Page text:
(If you are concerned that the compiler might optimise out the pointless loops entirely, you can change it to e.g. x[i] ^= x[j], and add a print statement that outputs x[0]. This does not change anything; the timings will be very similar.)

And yes, here the Python implementation was a stupid pure Python implementation with a list of ints and nested for loops. It should be much slower than unoptimised Swift. Something seems to be seriously broken with Swift and array indexing.

Edit 4: These issues (as well as some other performance issues) seems to have been fixed in Xcode 6 beta 5.

For sorting, I now have the following timings:

  • clang++ -O3: 0.06 s
  • swiftc -Ofast: 0.1 s
  • swiftc -O: 0.1 s
  • swiftc: 4 s

For nested loops:

  • clang++ -O3: 0.06 s
  • swiftc -Ofast: 0.3 s
  • swiftc -O: 0.4 s
  • swiftc: 540 s

It seems that there is no reason anymore to use the unsafe -Ofast (a.k.a. -Ounchecked); plain -O produces equally good code.

Source: (StackOverflow)

Why does Python code run faster in a function?

def main():
    for i in xrange(10**8):

This piece of code in Python runs in

real    0m1.841s
user    0m1.828s
sys     0m0.012s

However, if the for loop isn't placed within a function,

for i in xrange(10**8):

then it runs for a much longer time:

real    0m4.543s
user    0m4.524s
sys     0m0.012s

Why is this?

Note: The timing is done with the time function in BASH in Linux.

Source: (StackOverflow)

How can you profile a Python script?

Project Euler and other coding contests often have a maximum time to run or people boast of how fast their particular solution runs. With python, sometimes the approaches are somewhat kludgey - i.e., adding timing code to __main__.

What is a good way to profile how long a python program takes to run?

Source: (StackOverflow)

Why is 1000000000000000 in range(1000000000000001) so fast in Python 3?

It is my understanding that the range() function, which is actually an object type in Python 3, generates its contents on the fly, similar to a generator.

This being the case, I would have expected the following line to take an inordinate amount of time, because in order to determine whether 1 quadrillion is in the range, a quadrillion values would have to be generated:

1000000000000000 in range(1000000000000001)

Furthermore: it seems that no matter how many zeroes I add on, the calculation more or less takes the same amount of time (basically instantaneous).

I have also tried things like this, but the calculation is still almost instant:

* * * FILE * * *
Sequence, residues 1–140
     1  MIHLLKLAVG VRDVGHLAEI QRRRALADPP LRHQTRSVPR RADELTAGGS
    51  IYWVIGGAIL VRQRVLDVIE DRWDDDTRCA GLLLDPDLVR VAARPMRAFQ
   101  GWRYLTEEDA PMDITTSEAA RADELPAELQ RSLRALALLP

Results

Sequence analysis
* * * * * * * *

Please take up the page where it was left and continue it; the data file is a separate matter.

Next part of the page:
1000000000000000000000 in range(0,1000000000000000000001,10) # count by tens

If I try to implement my own range function, the result is not so nice!!

def my_crappy_range(N):
    i = 0
    while i < N:
        yield i
        i += 1

What is the range() object doing under the hood that makes it so fast?

EDIT: This has turned out to be a much more nuanced topic than I anticipated - there seems to be a bit of history behind the optimization of range().

Martijn Pieters' answer was chosen for its completeness, but also see abarnert's first answer for a good discussion of what it means for range to be a full-fledged sequence in Python 3, and some information/warning regarding potential inconsistency for __contains__ function optimization across Python implementations. abarnert's other answer goes into some more detail and provides links for those interested in the history behind the optimization in Python 3 (and lack of optimization of xrange in Python 2). Answers by poke and by wim provide the relevant C source code and explanations for those who are interested.

Source: (StackOverflow)

MyISAM versus InnoDB

I'm working on a projects which involves a lot of database writes, I'd say (70% inserts and 30% reads). This ratio would also include updates which I consider to be one read and one write. The reads can be dirty (e.g. I don't need 100% accurate information at the time of read).
The task in question will be doing over 1 million database transactions an hour.

I've read a bunch of stuff on the web about the differences between MyISAM and InnoDB, and MyISAM seems like the obvious choice to me for the particular database/tables that I'll be using for this task. From what I seem to be reading, InnoDB is good if transactions are needed since row level locking is supported.